Love Stories: Shahdy Ali-Hassan and Sahar Javadi

For this Washington couple, the third time’s the diamond ring.

Shahdy and Sahar on top of Corcovado mountain.

Sahar Javadi and Shahdy Ali-Hassan don’t like Valentine’s Day. They think it’s a cheesy Hallmark holiday that puts too much pressure on too many people. As Sahar puts it, “It’s just stupid.” So when she figured out that Shahdy, her boyfriend of two years, was going to be on company business in Brazil on February 14, 2007, she didn’t care . . . right?

“I was really mad,” says Sahar. “I knew he had my engagement ring. We went shopping for it in November. So at this point all I’m thinking about are opportunities for him to propose.”

She had been sure he was going to do it over New Year’s in Houston, at her brother’s house, in front of her parents. Nope.

In January, when she had to go to Los Angeles on a work trip and Shahdy said he would meet her out there, her hopes rose again. Shahdy, however, hadn’t even brought the ring along.

“At that point, I concluded that the trip thing is not Shahdy’s deal,” Sahar says. “He needs to be in his comfort zone, at home, I told myself, and he probably has his own little place in DC where he wants to do it.”

Shahdy’s trip to Brazil lined up almost perfectly with Carnival—his two weeks of work ended right when the festival was starting—so he convinced Sahar to buy a ticket to meet him down there. She was psyched about Carnival, but her mom told her not to think about anything else. If Shahdy hadn’t taken the ring to LA or Houston, he wasn’t going to risk lugging it around Rio de Janeiro.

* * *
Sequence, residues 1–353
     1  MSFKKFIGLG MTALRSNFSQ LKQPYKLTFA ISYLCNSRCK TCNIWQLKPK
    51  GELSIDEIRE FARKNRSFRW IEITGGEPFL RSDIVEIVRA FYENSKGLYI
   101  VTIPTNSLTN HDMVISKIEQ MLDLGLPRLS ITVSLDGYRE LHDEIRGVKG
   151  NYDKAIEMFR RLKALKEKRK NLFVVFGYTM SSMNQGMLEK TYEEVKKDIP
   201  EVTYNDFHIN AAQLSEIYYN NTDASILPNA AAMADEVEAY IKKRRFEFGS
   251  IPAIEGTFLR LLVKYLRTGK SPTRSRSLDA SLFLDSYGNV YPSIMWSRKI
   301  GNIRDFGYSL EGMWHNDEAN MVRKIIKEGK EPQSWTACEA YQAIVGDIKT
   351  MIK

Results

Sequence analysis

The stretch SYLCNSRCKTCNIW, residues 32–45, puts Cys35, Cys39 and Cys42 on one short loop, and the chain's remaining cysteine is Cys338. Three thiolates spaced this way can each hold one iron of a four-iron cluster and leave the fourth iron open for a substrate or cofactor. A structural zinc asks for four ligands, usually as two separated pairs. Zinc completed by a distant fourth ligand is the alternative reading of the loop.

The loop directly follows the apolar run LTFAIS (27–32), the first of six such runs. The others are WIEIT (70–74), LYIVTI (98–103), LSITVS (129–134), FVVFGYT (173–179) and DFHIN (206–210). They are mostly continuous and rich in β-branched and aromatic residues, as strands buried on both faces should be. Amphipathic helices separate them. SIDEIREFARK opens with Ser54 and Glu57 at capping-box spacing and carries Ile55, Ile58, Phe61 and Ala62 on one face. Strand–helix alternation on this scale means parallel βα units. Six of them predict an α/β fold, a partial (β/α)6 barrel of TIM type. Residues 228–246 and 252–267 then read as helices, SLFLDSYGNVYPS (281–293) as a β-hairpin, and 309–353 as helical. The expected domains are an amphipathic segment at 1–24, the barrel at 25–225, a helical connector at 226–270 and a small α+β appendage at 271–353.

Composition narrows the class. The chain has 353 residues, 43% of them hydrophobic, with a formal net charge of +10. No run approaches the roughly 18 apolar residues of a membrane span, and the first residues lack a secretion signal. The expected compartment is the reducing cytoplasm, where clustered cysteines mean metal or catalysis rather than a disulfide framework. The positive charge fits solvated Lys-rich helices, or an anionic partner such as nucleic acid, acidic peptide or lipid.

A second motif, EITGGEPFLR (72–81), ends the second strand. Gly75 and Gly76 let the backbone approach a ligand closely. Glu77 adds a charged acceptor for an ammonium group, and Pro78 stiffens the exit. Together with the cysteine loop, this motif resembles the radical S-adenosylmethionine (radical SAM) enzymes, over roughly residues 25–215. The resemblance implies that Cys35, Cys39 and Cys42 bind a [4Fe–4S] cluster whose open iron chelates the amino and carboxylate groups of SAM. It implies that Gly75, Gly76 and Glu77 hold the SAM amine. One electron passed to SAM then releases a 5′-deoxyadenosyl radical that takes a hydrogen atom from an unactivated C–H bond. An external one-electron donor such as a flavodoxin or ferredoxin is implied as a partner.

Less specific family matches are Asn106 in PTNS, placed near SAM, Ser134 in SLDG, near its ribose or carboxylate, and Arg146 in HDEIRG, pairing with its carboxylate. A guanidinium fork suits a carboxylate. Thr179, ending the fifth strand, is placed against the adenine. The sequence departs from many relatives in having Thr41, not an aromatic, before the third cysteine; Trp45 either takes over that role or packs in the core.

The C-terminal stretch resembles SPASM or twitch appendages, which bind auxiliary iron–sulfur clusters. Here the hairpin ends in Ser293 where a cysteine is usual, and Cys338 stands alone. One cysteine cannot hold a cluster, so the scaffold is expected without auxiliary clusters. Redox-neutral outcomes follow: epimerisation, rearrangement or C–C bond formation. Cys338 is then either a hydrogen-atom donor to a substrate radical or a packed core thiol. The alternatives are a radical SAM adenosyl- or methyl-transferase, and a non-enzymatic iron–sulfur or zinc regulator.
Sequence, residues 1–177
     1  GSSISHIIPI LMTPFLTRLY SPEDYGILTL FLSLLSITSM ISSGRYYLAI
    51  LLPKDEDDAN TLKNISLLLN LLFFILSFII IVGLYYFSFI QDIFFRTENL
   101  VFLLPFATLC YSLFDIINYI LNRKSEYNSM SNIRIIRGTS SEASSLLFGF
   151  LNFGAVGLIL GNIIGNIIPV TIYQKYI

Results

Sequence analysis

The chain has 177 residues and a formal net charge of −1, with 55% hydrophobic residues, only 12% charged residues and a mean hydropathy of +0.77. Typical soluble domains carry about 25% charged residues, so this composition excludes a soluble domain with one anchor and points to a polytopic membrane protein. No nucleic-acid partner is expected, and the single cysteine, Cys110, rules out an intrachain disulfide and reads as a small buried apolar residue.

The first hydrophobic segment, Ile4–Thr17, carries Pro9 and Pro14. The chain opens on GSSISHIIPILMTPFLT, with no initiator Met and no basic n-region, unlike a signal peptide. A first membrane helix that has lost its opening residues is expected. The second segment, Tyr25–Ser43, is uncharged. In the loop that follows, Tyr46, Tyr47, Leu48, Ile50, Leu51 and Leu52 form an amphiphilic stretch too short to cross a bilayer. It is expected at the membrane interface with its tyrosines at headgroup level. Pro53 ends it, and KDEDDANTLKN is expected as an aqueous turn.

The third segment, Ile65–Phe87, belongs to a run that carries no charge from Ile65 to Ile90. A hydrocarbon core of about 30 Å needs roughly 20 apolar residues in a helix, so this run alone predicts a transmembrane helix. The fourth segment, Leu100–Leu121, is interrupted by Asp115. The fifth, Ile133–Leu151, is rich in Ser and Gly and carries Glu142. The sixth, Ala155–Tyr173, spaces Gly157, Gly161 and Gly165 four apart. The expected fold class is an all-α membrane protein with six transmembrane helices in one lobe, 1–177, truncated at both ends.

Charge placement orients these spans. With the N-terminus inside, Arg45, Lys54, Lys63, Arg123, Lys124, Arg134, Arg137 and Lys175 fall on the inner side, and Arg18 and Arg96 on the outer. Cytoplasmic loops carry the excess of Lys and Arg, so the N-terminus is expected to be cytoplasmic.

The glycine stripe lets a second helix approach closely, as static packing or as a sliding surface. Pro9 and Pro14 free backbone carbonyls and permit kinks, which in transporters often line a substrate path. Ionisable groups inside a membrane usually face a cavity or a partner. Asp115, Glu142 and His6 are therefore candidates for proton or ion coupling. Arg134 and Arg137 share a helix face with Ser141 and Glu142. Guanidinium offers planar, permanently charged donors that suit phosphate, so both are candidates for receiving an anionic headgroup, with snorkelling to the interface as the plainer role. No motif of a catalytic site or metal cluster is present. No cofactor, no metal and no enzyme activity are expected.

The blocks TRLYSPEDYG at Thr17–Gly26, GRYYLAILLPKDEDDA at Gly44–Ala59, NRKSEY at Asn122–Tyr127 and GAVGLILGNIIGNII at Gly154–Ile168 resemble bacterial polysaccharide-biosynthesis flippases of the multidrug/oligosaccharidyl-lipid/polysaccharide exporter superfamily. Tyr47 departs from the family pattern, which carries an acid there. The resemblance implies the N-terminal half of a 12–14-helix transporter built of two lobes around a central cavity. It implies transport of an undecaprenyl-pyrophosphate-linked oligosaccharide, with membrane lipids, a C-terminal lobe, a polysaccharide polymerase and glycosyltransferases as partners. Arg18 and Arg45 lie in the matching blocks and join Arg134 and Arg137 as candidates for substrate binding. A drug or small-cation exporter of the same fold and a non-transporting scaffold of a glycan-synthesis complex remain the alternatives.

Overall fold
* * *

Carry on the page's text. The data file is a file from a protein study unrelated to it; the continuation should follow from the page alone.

Of course not. He kept it in the hotel safe.

After four days of sightseeing and beach-hopping with friends, and not even hinting at a proposal, he stunned Sahar at the top of Corcovado Mountain in front of the giant Christ the Redeemer statue, which was just named one of the new seven wonders of the world, while gazing out onto a view of the entire city. Their friends Gustavo and Roberta had disappeared, and Sahar, having seen the view and snapped her pictures already, was itching to leave. And then:

“I said, ‘Will you marry me?’ ” Shahdy says. “She said, ‘What?’ ”

Then: “What do you mean?”

Then: “Are you serious?”

Then, finally: “Yes!”

“I hadn’t seen the ring for three months, so my first thought was ‘Oh!’ ” Sahar says. “My next thought was ‘Oh, my God, do Gustavo and Roberta know you were going to do this?’ And he’s like, ‘Yeah, they knew.’ I said, ‘Do my parents have any idea?’ And he’s like, ‘Yeah, they know.’ I was totally overwhelmed.”

After making a slew of international phone calls to their friends, Shahdy surprised Sahar again—with a ritzy eight-course tasting menu at a restaurant owned by the Brazilian president’s chef.

The couple, who are having their wedding at the end of March, decided on a small Muslim ceremony at Sahar’s parents’ house, with a big reception the next day at Meadowlark Botanical Gardens in Vienna.

For now, the view from the top of Corcovado is the wallpaper on both of their computers.

"I waited so long for him to propose, and then that trip I wasn't even thinking about it," says Sahar. “The whole thing was just surreal.”


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